The end of the aquarium age?

by | Nov 11, 2015 | Science | 0 comments

California_lawmaker__This_isn_t_an_attac_1398730000_3338601_ver1.0_640_480It’s almost surreal to think that Sea World will be discontinuing their killer whale show in California. It’s quite possible that this will follow in other states, eventually culminating in the end of the epic killer whale performance. I grew up in Sea World’s golden age. About four hours from where I live in Maryland, Sea World had a park at Geauga Lake in Aurora, Ohio. As a kid, my family and I visited it several times and I remember pressuring my parents to buy me a host of Shamu memorabilia. At Sea World we pet dolphins, watched killer whales perform incredible tricks and were immersed in the amazing world of Earth’s oceans. In 2001 the cost of operating the park, compiled with the fact that for most of the year the park was closed to visitors, led to Sea World selling its Ohio location to six flags. The marine animals were shipped off to other Sea World locations, and today the park is roller coasters and water slides.

The reality is that the world has changed.  How we perceive wildlife and captive animals has changed. 25 years ago the public was wowed by killer whales jumping, spinning and seemingly dancing with trainers. Today there is a body count of Sea World trainers, and serious questions have been raised about the ethical implications of placing intelligent marine life in closed quarters. Experiencing Mother Nature has changed as well. Automated drones can fly over vast distances, capturing ultra-high definition footage of wild places previously inaccessible to mankind. The ability to remotely pilot vehicles greatly reduces the risk of human injury and ensures that watching wildlife does nothing to disturb a natural balance. Anyone who follows the technology behind drones is aware that the consumer drone market is beginning to advance into the underwater realm. Already consumer drone submarines are available, equipped with high definition video cameras, built for the sole purpose of exploring and filming the deep.

Three of the orcas demonstrate a trick near the end of the show. This trick is actually meant to show how killer whales can jump on on ice edges to catch their prey.

Three of the orcas demonstrate a trick near the end of the show. This trick is actually meant to show how killer whales can jump on on ice edges to catch their prey.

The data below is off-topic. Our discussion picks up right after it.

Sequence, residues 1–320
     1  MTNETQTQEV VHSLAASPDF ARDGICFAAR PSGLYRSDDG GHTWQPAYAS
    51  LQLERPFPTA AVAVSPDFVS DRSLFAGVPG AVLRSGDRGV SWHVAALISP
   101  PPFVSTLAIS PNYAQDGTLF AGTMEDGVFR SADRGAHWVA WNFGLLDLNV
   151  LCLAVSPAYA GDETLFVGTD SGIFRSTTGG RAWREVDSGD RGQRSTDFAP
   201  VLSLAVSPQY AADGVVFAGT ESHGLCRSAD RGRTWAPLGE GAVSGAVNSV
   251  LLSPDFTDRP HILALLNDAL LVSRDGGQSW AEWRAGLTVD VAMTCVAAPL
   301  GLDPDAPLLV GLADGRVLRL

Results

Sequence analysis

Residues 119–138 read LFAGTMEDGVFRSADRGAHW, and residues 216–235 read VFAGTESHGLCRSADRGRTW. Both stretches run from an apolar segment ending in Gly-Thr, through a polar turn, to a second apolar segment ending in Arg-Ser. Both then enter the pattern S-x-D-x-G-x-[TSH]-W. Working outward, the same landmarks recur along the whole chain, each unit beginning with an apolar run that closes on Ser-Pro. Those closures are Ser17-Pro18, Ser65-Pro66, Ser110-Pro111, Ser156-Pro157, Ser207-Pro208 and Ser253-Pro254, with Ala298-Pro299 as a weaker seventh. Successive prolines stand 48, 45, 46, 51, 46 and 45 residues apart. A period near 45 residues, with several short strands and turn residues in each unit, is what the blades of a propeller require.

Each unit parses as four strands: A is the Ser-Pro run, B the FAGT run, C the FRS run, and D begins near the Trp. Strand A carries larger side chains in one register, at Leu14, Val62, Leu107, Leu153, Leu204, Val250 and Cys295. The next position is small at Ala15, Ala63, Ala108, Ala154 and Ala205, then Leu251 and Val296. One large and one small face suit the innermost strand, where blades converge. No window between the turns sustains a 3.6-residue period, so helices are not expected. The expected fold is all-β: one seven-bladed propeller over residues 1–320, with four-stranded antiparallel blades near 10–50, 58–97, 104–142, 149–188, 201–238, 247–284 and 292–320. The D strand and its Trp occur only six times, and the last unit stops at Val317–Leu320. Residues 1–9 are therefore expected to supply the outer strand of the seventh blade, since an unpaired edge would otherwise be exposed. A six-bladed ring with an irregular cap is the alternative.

No longer will tens of thousands of dollars of scuba gear, a highly trained dive team, decompression chambers and enriched gas be needed to film underwater. Within the next 10 years, it’s highly likely that for a few hundred dollars consumers can purchase a drone that offers ample time underwater, and streams live footage of the deep sea realm right to an iPad or iPhone. This new user friendly technology, combined with a mentality that ocean animals should remain in the ocean may lead to something that none of us wants to talk about, the end of the aquarium age. While the situation with Sea World may seem to be a million miles away from home aquariums, in many ways the two are inexorably connected.

The age of aquariums:

163591-004-4D62489FAquariums are nothing new, and in fact they have been part of humanities’ interest in the natural world since ancient human history. Ancient Greeks and Romans kept both freshwater and marine aquariums, simple aquatic ecosystems contained in ponds or other vats. At a time when exploring the ocean was totally impossible, aquariums offered the next best thing, bringing fascinating aquatic life right into the home. Today, centuries later, aquariums still serve this simple purpose. For many of us living in the U.S. coral reefs are highly inaccessible. Thousands of dollars for air-fare, hotel expenses, dive charters and hour upon hour of travel time is needed to freely explore a coral reef. For those of us on the east coast, the Pacific reefs our aquariums mirror is on the other side of the world, easily a 24 hour plus flight, and well over four or five thousand dollars to fully enjoy. The training and education alone to learn to scuba dive prohibits it for many people, and the health requirements make it even more exclusive.